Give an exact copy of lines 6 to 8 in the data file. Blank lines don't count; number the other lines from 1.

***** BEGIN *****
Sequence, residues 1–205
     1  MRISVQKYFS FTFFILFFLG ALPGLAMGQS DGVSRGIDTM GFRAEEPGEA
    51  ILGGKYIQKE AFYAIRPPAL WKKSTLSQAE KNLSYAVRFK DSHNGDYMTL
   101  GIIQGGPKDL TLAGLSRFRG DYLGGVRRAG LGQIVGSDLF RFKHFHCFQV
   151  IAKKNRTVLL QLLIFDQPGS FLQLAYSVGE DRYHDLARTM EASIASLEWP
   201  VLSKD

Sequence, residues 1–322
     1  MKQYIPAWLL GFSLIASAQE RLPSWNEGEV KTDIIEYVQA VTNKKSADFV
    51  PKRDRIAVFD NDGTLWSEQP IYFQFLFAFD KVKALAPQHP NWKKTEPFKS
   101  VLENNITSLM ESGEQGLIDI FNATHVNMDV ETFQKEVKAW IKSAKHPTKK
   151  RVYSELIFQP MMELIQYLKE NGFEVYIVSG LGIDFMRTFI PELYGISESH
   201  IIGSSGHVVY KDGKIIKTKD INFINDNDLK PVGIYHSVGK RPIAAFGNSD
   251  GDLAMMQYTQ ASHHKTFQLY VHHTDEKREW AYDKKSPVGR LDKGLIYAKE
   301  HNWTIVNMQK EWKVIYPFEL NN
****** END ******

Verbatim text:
   201  VLSKD

Sequence, residues 1–322
     1  MKQYIPAWLL GFSLIASAQE RLPSWNEGEV KTDIIEYVQA VTNKKSADFV